The standardized production of a malaria vaccine, called PfAMA1 to enable vaccine studies in humans
4 November 2016
To date there is no malaria vaccine available. The vaccine which is most advanced in development, mosquirix™ of GSK, is only protective against disease in ± 30 % of the people. Possibly protective effects can be improved by adding a component to the mosquirix vaccine.
A possible candidate for this is the protein apical membrane antigen 1, derived from Plasmodium falciparum (PfAMA1), the causative agent of the deadly form of malaria. PfAMA1 is an essential part of the malaria parasite. Vaccination elicits antibodies against this protein that prevent the malaria parasite to invade red blood cells. This is detrimental for the parasite.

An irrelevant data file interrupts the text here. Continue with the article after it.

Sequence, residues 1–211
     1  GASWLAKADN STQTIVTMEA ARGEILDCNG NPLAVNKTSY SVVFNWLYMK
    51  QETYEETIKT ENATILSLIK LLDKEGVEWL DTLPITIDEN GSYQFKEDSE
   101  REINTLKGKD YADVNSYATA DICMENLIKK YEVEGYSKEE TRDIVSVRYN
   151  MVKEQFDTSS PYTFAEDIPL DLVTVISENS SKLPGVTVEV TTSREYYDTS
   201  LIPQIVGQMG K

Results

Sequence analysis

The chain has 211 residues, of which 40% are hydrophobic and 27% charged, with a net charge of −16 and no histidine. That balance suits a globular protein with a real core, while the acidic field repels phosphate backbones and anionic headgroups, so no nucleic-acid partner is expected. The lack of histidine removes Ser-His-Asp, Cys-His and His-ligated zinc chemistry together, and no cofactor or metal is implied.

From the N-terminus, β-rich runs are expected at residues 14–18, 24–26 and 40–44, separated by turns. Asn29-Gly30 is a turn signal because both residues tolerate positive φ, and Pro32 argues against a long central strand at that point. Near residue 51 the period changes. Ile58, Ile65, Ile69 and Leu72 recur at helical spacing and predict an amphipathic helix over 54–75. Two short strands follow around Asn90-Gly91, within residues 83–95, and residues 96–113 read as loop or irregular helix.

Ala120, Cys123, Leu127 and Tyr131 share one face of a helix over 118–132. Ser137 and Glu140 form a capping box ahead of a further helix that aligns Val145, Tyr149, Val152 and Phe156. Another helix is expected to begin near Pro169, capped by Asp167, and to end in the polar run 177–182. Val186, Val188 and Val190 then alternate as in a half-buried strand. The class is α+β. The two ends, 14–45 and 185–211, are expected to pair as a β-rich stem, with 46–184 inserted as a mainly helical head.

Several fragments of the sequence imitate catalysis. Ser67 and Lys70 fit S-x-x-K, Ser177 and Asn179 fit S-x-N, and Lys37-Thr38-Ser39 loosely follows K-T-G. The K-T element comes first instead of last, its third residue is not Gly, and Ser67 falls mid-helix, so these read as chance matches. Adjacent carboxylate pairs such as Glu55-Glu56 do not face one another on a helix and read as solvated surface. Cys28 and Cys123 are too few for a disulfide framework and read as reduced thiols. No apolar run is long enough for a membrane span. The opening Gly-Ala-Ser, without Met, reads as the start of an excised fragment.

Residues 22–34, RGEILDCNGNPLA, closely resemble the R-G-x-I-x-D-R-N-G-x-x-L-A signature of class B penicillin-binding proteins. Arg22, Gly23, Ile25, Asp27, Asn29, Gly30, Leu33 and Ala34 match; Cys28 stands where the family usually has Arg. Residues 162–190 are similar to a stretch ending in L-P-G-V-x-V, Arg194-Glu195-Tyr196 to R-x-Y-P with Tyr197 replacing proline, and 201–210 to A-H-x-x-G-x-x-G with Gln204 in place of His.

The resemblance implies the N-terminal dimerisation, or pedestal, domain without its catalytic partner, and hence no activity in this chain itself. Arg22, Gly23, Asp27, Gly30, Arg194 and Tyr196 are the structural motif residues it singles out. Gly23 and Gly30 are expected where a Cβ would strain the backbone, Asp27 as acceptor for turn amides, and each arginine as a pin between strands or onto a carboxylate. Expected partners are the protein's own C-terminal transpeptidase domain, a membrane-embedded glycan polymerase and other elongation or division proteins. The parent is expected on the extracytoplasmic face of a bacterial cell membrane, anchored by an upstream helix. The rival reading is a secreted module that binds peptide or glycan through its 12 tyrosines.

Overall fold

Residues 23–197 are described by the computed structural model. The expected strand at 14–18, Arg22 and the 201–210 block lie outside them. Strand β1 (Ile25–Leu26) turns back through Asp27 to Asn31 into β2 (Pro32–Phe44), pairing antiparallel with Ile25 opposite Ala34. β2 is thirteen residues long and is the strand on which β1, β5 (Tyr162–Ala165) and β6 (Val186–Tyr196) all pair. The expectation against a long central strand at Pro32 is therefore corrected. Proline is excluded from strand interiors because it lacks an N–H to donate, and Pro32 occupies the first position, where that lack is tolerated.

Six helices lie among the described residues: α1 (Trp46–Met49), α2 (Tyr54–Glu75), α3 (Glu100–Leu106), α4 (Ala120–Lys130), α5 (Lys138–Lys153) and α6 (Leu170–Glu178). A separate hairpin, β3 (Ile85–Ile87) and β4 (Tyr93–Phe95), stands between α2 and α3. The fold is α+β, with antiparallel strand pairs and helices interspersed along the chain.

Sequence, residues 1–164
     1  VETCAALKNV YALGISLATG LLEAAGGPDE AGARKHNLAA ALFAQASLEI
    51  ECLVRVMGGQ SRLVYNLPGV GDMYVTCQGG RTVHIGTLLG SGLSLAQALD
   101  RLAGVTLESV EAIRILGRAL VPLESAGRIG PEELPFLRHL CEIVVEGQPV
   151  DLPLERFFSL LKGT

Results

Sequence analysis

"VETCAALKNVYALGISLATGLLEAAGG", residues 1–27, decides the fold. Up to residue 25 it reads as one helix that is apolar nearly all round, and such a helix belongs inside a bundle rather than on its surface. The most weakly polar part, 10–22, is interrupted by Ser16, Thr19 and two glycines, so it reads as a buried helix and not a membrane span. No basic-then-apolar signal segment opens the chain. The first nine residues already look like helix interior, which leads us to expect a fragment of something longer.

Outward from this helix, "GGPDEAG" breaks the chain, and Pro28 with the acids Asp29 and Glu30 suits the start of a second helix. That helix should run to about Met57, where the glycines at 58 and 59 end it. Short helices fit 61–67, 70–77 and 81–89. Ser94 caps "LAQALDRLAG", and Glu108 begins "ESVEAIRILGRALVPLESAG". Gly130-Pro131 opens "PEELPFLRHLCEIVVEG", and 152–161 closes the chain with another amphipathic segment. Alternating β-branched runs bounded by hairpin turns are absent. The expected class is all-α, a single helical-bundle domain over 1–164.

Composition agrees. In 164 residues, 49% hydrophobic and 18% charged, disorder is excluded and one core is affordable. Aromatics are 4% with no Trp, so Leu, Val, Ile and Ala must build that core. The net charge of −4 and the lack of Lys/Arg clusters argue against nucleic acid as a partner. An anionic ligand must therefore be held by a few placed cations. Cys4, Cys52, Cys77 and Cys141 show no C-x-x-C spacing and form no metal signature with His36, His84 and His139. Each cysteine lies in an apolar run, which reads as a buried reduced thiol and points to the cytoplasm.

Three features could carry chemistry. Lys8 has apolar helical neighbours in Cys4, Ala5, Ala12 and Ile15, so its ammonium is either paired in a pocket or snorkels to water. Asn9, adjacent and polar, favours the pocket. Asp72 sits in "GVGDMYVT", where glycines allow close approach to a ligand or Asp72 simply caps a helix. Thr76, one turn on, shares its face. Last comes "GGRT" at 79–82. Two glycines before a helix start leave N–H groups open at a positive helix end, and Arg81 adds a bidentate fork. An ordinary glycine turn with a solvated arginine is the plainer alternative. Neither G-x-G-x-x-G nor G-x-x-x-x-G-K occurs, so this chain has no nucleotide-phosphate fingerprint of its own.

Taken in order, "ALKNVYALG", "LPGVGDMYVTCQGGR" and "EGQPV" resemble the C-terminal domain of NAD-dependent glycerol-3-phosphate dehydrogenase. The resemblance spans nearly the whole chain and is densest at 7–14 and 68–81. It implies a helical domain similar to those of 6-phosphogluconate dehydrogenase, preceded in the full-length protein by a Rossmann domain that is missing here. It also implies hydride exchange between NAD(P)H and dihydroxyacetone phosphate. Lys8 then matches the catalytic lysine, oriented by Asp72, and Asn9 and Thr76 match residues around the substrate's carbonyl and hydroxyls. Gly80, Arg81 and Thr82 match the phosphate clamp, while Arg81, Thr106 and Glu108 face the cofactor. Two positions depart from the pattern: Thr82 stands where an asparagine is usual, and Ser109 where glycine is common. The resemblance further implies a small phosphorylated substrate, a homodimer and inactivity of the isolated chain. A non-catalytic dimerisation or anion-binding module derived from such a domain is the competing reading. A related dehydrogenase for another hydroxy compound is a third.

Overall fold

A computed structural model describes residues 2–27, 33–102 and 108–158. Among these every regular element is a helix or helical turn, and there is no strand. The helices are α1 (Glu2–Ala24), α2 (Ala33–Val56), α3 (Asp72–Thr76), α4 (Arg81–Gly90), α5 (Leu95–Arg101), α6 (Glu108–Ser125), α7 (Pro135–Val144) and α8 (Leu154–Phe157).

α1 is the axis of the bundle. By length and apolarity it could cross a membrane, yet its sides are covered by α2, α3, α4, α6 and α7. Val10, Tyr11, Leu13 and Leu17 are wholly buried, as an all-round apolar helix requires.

The PfAMA1 protein has many variants in nature. To address this issue BPRC scientists have designed three PfAMA1 proteins that cover a mosaic of different variants in order to obtain protection against all these variants. In cooperation with the Fraunhofer Institute in Aachen, these three proteins were produced in a controlled manner and characterized. It was shown that it was possible to obtain sufficient material of high quality to the tested as experimental vaccine in humans. This vaccine study is currently underway.
This work was published in PlosOne (https://www.ncbi.nlm.nih.gov/pubmed/27695087).